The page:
Most of the complaints about John R. Bolton are about his personality.
WASHINGTON (AP) -- A trickle of allegations, some anonymous, paint the Bush administration's choice for U.N. ambassador as an imperious hothead who dressed down junior bureaucrats and withheld information from his superiors.
John R. Bolton hasn't been talking since his confirmation hearing, but the Bush administration is dismissing the complaints against him as trifling. A showdown Senate committee vote is planned for today.
At least one Democratic senator said Monday he will ask for a closed session so the committee can hear from intelligence officials about information Bolton requested relating to National Security Agency communications.
Secretary of State Condoleezza Rice "is still confident he'll make a good representative for the United States," State Department spokesman Richard Boucher said Monday. "That's what the president believed in nominating him. And they still support the nomination."
Bolton is a harsh critic of the United Nations bureaucracy and thus a provocative choice to be Washington's representative to the world body. Most of the allegations that have accompanied his nomination, however, concern his personal dealings and judgment.
"I do not think the concerns raised about Secretary Bolton warrant our rejection of the president's selection for his own representative to the U.N.," Foreign Relations Committee Chairman Sen. Richard Lugar, R-Ind., said in a statement prepared for today's hearing.
Most of the eight Democrats on the committee have said they plan to vote against Bolton today. Two of the 10 Republicans -- Sens. Lincoln Chafee of Rhode Island and Chuck Hagel of Nebraska -- have expressed reservations. Democrats' hopes of defeating Bolton lie in swaying one or both to defect.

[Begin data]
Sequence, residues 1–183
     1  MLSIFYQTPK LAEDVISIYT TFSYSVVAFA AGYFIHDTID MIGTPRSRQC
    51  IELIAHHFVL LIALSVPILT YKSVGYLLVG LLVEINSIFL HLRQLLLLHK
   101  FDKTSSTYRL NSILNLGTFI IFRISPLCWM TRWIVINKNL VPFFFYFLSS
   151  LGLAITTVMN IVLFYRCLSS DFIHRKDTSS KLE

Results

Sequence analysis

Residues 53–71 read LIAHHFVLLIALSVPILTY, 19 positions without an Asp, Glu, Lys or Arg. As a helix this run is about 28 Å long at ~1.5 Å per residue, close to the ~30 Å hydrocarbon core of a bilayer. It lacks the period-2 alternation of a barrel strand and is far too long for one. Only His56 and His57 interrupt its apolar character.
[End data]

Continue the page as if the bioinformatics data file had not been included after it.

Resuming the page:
Hagel said Sunday he planned to support Bolton "if there's nothing more that comes out."
"I have been troubled with more and more allegations, revelations, coming out about his style, his method of operation," Hagel said on CNN.
Chafee has not commented since last week, when he said he planned to support Bolton even though "he would not be my choice" for the job.
High-profile nominees have been damaged or brought down by revelations about their personal lives or business dealings. In 1991, Supreme Court nominee Clarence Thomas survived graphic allegations of sexual harassment, which he denied.
The stories about Bolton mostly amount to allegations that he has a mean streak, that he takes out his frustrations on underlings and that he lets hard-line conservative ideology govern decisions.
There were repeated questions by senators at his confirmation hearing last week concerning what Bolton may have done to punish or pressure underlings who crossed him in his current job as the State Department's arms control chief. A senior colleague called him a "serial abuser."
Bolton denied he did anything improper, but he said he had "lost confidence" in two intelligence analysts who disagreed with him. He also acknowledged that he had asked a U.S. spy agency for details of the secretly recorded communications of other U.S. officials.
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